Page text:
Emphasis on Quality

Wawa’s main competitive advantage is the quality of its products and services. In addition to traditional convenience store brands and product offerings, Wawa has created its own line of branded food and beverage products. Every Wawa store has a separate deli station where customers can get made-to-order sandwiches, drinks, and snacks. Ingredients are fresh and food is prepared at the deli station so that the customer may watch the prep operations and progress of their order.  Employees strive for customer satisfaction, and complementary items are given at the discretion of store employees in the event of an incorrect order or long wait time. The store is cleaned and restocked often throughout the day to ensure an orderly appearance and low customer wait times for products. Three of the six store’s corporate values (Value People, Delight Customers, and Do Things Right) emphasize this focus on the customer experience and taking pride in the products and services that they offer. Stores are open 24 hours a day, 365 days a year, making it a reliable go-to destination for consumers.

Continuous Improvement

Wawa’s adaptability and ability to evolve the business and operating models have been key to its ability to remain competitive. The store’s corporate values of Embrace Change and Passion for Winning reflect the company’s commitment to continuous improvement. Since the company’s beginnings, the organization has had an ability to view industry trends and react appropriately. The Wawa Food Market has evolved immensely over the years, starting with the introduction of pre-made hoagies and coffee in 1975. The company separated its deli station from its checkout counters in 1982 as a way to reduce customer service times. Camp Wawa and Wawa University were employee educational programs that were initiated to improve employee trainings. ATMs and fuel stations were incorporated in stores to further serve the target “people on the go” customer base. Product offerings have continued to evolve into breakfast options, bakery goods, and now specialty drinks (smoothies, cappuccinos, etc.)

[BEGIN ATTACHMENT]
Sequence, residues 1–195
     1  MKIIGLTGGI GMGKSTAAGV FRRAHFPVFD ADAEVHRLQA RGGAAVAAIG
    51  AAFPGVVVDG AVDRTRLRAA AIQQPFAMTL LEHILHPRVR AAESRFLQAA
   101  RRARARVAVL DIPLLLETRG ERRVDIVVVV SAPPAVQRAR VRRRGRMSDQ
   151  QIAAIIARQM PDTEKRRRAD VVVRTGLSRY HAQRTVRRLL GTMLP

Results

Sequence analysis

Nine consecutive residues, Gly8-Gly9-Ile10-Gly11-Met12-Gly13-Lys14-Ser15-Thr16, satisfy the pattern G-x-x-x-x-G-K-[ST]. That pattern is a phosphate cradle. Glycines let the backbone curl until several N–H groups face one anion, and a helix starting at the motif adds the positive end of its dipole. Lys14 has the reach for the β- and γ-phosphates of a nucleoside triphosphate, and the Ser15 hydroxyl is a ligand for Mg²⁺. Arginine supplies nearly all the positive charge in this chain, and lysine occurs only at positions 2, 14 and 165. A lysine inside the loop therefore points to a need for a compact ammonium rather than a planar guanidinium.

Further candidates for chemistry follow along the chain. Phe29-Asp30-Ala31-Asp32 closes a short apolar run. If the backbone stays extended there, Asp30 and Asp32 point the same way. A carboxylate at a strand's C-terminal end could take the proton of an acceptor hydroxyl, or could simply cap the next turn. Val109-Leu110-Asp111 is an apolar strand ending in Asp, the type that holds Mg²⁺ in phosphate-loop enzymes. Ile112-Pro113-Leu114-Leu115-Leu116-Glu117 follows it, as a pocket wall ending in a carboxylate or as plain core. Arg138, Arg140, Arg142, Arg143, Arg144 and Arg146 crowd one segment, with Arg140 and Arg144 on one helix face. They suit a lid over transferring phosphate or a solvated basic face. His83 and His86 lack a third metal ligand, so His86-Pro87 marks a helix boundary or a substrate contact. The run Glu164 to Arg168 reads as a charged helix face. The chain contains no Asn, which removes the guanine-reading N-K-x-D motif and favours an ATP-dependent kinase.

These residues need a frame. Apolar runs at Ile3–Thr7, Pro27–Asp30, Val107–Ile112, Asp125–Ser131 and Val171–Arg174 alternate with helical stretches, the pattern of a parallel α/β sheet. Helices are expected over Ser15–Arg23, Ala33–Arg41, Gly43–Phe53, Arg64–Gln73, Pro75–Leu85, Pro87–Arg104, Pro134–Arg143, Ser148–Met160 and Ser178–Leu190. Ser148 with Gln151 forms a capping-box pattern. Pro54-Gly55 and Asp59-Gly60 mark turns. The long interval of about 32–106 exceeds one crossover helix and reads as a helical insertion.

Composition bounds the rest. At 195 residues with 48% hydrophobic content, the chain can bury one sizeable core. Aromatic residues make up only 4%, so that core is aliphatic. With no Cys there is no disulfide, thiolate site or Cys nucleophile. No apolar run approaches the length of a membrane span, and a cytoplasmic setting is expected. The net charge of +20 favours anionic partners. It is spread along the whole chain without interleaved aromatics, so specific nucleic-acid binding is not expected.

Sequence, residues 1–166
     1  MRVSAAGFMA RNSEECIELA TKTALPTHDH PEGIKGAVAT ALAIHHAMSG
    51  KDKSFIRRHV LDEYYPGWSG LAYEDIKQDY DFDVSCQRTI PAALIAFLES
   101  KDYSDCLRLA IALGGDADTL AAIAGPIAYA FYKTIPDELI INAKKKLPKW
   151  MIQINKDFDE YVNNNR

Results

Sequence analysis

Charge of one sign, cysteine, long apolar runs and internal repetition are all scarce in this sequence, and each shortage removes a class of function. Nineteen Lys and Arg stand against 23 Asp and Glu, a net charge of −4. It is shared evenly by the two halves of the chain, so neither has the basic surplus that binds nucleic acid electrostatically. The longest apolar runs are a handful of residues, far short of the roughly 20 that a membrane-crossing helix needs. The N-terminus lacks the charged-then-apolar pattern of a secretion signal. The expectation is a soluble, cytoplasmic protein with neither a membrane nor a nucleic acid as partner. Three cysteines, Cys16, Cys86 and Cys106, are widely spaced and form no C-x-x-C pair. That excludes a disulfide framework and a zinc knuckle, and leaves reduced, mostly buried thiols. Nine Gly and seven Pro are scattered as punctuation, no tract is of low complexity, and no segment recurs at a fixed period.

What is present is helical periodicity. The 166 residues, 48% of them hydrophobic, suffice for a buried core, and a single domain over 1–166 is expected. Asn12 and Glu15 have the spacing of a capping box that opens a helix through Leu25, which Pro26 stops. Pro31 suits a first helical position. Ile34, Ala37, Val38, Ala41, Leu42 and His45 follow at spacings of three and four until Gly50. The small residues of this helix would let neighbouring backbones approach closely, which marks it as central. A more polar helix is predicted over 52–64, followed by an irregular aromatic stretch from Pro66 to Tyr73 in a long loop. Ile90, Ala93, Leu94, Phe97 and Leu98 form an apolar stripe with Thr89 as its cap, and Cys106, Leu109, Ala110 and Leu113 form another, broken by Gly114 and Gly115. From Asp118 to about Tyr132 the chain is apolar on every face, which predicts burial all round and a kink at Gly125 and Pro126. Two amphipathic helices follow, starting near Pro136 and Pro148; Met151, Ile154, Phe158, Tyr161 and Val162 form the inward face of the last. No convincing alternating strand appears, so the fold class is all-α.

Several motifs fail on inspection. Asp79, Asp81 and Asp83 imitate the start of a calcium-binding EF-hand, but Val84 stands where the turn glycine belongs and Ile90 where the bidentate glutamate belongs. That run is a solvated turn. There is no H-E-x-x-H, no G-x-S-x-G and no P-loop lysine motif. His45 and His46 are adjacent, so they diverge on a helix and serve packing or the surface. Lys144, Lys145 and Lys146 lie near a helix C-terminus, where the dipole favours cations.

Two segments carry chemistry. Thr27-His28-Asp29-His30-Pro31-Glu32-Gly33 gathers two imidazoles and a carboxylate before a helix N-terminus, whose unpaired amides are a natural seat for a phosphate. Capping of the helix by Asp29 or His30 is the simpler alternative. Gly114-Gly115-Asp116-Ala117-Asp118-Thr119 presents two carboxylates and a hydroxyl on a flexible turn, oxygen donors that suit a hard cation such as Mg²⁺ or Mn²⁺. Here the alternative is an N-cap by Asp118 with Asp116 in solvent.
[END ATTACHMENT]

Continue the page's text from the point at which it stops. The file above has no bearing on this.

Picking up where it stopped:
Technology

Wawa has most notably brought technology into a seemingly tech-less industry. It is one of the first convenience stores to offer touch screen ordering of their made-to-go products, which allows for a just-in-time deli work stream. The company has also invested in network infrastructure for collecting data and tracking key performance indicators throughout the organization. The company utilizes this data to manage its day-to-day operations and identify opportunities to cut costs or further improve upon its processes.

Sources:

https://www.wawa.com/Faqs.aspx